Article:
First, the mice put on shin armor that covered their forelegs. These they made out of bean shells broken in two. For a shield, each had a lamp’s centerpiece. For spears they had the long bronze needles that they had carried out of the houses of men. So armed and equipped they were ready to wage war on the frogs. Bread Nibbler, their king, shouted to them: “Attack the cowardly frogs, and leave not one alive upon the bank of the pond. From now on that bank is ours, and ours only. Forward!”

And, on the other side, Puff jaw was urging the frogs to battle. “Let us take our places on the edge of the pond,” he said, “and when the mice attack us, let each catch hold of one and throw him into the pond. Thus we will get rid of these dry creatures, the mice.”

The frogs applauded the speech of their king, and straightway they went to their armor and their weapons. They covered their legs with the leaves. For breastplates they had the leaves of beets. Cabbage leaves, well cut, made their strong shields. They took their spears from the pond side— they were deadly pointed rushes, and they placed on their heads helmets that were empty snail shells. So armed and equipped they were ready to meet the grand attack of the mice.

When the robber came to this part of the story Hercules stopped walking, for he was shaking with laughter. The robber stopped telling his story. Hercules slapped him on the leg and said: “Tell me more of the heroic adventures of the mice?” The second robber said, “I don’t know anymore, but perhaps my brother at the other side of you can tell you of the mighty combat between them and the frogs.” Then Hercules shifted the first robber from his back to his front, and the first robber said: “I will tell you what I know about the heroic combat between the frogs and the mice.” The gnats blew their trumpets. This was the signal for war.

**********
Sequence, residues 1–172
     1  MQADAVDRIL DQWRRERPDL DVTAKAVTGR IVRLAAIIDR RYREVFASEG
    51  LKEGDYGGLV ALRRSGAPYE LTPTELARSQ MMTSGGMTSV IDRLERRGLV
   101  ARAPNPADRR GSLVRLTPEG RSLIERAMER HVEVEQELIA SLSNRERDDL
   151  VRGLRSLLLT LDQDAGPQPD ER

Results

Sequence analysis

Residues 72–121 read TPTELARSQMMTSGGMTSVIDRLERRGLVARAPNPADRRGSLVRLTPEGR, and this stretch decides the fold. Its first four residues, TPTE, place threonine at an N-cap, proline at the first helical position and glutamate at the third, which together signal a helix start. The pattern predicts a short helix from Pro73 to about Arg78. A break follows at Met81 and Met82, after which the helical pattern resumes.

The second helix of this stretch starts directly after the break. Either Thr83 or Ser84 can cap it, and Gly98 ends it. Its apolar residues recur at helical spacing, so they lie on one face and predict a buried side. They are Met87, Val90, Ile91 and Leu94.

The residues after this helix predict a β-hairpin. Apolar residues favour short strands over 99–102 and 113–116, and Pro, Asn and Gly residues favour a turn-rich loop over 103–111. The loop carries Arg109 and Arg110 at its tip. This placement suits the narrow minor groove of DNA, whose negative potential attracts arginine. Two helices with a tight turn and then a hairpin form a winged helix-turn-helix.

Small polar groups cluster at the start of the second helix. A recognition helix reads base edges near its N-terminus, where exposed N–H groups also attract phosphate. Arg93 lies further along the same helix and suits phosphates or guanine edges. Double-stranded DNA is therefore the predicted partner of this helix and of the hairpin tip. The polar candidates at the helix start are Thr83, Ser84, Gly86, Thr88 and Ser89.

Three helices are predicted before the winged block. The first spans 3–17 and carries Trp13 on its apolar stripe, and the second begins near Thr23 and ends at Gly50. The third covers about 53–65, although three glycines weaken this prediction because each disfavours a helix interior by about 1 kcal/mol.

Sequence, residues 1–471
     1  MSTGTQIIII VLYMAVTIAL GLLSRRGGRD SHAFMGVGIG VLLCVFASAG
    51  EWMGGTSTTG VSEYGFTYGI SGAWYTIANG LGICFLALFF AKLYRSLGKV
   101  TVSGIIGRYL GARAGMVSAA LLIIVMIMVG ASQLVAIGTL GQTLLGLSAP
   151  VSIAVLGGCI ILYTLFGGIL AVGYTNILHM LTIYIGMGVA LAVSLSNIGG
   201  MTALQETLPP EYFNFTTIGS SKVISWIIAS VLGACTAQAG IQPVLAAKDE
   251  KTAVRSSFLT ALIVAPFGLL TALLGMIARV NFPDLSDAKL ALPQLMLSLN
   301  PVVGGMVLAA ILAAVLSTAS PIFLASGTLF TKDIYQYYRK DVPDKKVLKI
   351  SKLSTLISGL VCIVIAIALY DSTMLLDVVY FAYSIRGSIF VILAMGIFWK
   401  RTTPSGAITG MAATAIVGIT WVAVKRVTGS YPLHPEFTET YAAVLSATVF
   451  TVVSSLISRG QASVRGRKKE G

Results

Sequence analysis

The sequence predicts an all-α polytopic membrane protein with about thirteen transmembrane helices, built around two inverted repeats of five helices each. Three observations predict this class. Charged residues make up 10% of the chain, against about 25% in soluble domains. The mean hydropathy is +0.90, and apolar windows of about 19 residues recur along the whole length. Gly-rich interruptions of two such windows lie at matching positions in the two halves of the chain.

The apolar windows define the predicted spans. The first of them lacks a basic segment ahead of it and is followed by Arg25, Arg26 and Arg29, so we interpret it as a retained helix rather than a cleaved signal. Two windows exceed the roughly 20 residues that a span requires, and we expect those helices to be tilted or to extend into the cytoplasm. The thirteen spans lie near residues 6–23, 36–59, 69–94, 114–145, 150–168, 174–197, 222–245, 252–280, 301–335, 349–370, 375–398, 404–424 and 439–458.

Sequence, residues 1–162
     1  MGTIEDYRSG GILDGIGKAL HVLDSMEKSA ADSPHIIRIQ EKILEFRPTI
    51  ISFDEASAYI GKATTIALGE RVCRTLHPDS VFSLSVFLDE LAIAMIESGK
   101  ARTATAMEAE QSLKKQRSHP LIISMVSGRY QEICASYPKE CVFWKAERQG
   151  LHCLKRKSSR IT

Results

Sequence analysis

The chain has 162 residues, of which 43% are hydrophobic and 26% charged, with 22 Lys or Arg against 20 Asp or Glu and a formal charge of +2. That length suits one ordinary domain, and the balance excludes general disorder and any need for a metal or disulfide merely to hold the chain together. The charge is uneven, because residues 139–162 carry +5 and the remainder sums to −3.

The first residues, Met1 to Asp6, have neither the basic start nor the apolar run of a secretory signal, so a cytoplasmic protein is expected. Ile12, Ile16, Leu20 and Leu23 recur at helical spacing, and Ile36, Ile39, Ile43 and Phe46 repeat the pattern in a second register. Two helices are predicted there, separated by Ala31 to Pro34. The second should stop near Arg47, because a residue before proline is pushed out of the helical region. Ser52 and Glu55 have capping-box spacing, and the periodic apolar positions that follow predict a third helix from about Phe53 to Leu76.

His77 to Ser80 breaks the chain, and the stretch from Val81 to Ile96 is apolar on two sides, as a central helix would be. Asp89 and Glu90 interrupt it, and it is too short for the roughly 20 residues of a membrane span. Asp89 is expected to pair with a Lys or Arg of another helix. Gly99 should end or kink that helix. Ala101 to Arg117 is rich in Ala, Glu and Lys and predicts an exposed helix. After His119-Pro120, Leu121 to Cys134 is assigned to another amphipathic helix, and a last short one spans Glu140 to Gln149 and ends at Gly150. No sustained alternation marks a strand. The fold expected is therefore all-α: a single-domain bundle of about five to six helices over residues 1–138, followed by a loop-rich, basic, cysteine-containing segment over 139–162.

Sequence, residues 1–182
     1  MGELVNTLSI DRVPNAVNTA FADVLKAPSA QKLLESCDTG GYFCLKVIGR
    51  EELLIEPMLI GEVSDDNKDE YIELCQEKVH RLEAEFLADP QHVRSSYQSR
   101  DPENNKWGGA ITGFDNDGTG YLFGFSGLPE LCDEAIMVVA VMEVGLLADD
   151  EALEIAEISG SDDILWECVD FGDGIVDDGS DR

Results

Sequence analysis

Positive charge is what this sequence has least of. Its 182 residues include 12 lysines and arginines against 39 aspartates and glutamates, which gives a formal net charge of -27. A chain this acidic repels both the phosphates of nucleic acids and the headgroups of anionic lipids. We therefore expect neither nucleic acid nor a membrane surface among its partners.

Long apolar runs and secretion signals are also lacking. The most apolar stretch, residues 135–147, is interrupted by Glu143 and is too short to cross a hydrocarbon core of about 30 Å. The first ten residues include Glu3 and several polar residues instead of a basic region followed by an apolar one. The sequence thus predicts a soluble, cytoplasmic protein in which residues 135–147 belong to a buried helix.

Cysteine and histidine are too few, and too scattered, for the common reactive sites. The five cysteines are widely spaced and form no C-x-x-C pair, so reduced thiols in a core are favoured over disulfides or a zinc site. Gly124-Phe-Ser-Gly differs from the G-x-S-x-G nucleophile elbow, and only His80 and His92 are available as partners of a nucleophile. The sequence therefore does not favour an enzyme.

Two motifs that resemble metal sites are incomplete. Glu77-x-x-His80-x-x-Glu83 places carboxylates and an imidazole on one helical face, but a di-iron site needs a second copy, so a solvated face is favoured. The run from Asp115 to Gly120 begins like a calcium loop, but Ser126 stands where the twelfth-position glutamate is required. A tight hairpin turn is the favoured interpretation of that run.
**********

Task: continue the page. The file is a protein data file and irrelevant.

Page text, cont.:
Bread Nibbler struck the first blow. He attacked Loud Crier the frog, and threw him down. At this Loud Crier’s friend, Reedy, threw down his spear and shield and dived into the water. This seemed to be a sign of victory for the mice. But then Water Larker, the most warlike of the frogs, took up a great pebble and threw it at Ham Nibbler who was then pursuing Reedy. Ham Nibbler fell down, and there was dismay amongst the mice.

Then Cabbage Climber, a brave hearted frog, took up a clod of mud and flung it at a mouse that was charging furiously at him. That mouse’s helmet was knocked off and his forehead was covered with the clod of mud, so that he couldn’t see.

It was then that the frogs seemed to be headed for victory. Bread Nibbler again came into the fight. He rushed furiously at Puff jaw the king.

Leeky, the trusted friend of Puff jaw defended against Bread Nibbler’s attack. He threw his spear at the king of the mice but the point of the spear broke on Bread Nibbler’s shield, and then Leeky was knocked down.

Bread Nibbler came at Puff jaw, and the two great kings faced each other. The frogs and the mice drew aside, and there was a pause in the combat. Bread Nibbler the mouse struck Puff jaw the frog terribly on the toes.

Puff jaw withdrew from the battle. Now all would have been lost for the frogs if Zeus, the father of the gods, had not looked down on the battle.

“Dear, dear,” said Zeus, “what can be done to save the frogs? They will surely be annihilated if the charge of that mouse is not stopped.”

For the father of the gods, looking down, saw a warrior mouse coming on in the most dreadful attack of the whole battle. The name of this warrior was Slice Snatcher. He had come into the battle late. He waited to split a chestnut in two and put the halves upon his paws. Then, furiously dashing amongst the frogs, he cried out that he would not leave the battle until he had destroyed all the frogs, leaving the bank of the pond a playground for the mice and for the mice alone.